Follow the flame: Turin prepares for the 2006 Winter Olympics
When the 2006 Winter Olympics are held in Turin, Italy, in February, most indoor events will be in the city center. But the “real” Games — the ski, sled and snowboard competitions — will be contested in five mountain communities to the west.
While readers won’t be able to participate in the Olympics, they can test their skills on the venues where the world’s best will vie for gold and experience the villages where contestants will relax when not on the slopes.
Each site has a unique history and character in addition to great snow and astonishing skiing. Following is a look at each.
¶ Bardonecchia hosted the first Italian Ski Championships in 1909. The resort sits peacefully at the opening of the great Frejus Tunnel, bored through the Alps to connect Italy to France. During the Olympics, tranquility will give way to snowboard events, where two runs will be the stars.
Piste 23 will be used for the giant slalom and snowboard cross. Dramatic variations in the terrain, a 575-foot vertical drop, and start- to-finish visibility for spectators ensure excitement.
Piste 24 is a 450-foot half pipe with an elevation change of 120 feet. Competition is scheduled for Feb. 12, 13, 16, 17, 22 and 23.
Bardonecchia offers 65 miles of downhill trails, plenty of cross country skiing, and is supported by a network of 23 high-speed lifts.
After a day on your board, check out one of the many bars (I counted 22) or the more than 40 restaurants the village has to offer.
Bardonecchia’s pristine beauty is paradise for Alpine photographers. Beyond the magnificent forest, rivers and mountain scenery, there’s the twin-towered church of Saint Hippolytus or the wood-carving school.
The Municipal Museum recounts how residents have lived cooperatively with the captivating but at times harsh environment for more than 1,000 years.
¶ Pragelato, at the foot of Mount Albergian, is the site for cross-country, Nordic-combined and ski jump competitions. On the cross-country course, athletes navigate a series of loops covering distances up to 30 miles. More than 8,000 spectators will watch events in a brand-new stadium that encompasses two jumps and a five-loop track for the Nordic competition.
Pragelato also has 30 miles of downhill trails, comprised of one black (expert), 12 red (intermediate) and five blue (beginner) runs. Skiers move around on six lifts.
There was fierce religious fighting here in the 14th and 15th centuries, and during World War II, partisan sentiment was strong and residents battled bravely against Nazi occupation. Today, conflict is limited to space in lift lines and seats in restaurants.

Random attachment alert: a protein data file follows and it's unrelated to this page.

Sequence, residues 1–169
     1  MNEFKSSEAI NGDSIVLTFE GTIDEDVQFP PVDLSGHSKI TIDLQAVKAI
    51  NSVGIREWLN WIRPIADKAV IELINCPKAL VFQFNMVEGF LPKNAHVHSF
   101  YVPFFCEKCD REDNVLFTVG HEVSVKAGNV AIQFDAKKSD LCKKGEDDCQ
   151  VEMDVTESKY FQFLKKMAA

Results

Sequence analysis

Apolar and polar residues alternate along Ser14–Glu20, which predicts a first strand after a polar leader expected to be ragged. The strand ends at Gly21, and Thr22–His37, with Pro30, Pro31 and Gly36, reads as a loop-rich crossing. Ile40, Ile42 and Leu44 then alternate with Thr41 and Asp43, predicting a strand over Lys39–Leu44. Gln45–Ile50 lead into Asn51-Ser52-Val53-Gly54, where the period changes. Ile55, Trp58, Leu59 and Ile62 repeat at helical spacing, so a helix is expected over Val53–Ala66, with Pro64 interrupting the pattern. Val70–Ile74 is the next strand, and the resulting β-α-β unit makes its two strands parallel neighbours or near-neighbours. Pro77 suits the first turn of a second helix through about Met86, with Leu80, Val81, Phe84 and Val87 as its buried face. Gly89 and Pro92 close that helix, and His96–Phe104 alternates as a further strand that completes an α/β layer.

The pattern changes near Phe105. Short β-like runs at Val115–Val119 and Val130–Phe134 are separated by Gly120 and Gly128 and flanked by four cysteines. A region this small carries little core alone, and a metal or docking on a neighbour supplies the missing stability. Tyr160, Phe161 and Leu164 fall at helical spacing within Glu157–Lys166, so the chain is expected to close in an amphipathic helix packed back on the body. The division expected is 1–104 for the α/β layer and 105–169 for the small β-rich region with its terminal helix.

Two weeks of events begin Feb. 11. Nearly 400 athletes with coaches and support staff and up to 9,000 spectators will converge on the village. The six bars/pubs and 14 restaurants will be busy.
While waiting for a drink, take a walk. You’ll see fountains adorned with fleur-de-lis, a symbol of the French authority until the 1700s. The Alpine Costume and Folk Traditions Museum has a colorful exhibit of the people who have populated this area through the years.
The remaining villages are part of the monstrous Via Lattea (Milky Way) ski area. One of Italy’s largest winter playgrounds, this massive, completely interconnected maze includes more than 240 miles of downhill skiing including 42 black, 117 red and 52 blue runs. Its 91 lifts, from two-seaters to gondolas, keep skiers moving. Nearly 30 miles of cross-country trails complete the mix.
¶ Cesana and San Sicario make up the most enchanting enclave in the area. Normally these picturesque settlements are merely a tranquil stop on a ski excursion from Sestriere. During the Olympics, the quiet will be shattered by 15 consecutive days of events.
Starting Feb. 11, the grueling biathlon is followed by skeleton, luge and bobsled races. Finally, the women’s Alpine events — downhill, combined downhill and super-G — will run for 10 days.
The newly constructed biathlon stadium includes a shooting range and five cross country loops of varying length and difficulty. The longest is 2½ miles and has a 215-foot change in elevation.
The bobsled, skeleton and luge races will run on a new track, 4,700 feet long with 19 knuckle-whitening curves. There is space for 7,450 spectators at these events.
Nearly 8,000 will be able to watch the trio of women’s Alpine ski races. The downhill course starts at an elevation of 7,562 feet, is 10,120 feet long, and includes a vertical drop of more than 2,500 feet. The combined downhill and Super-G are shorter but are contested on the same steep course.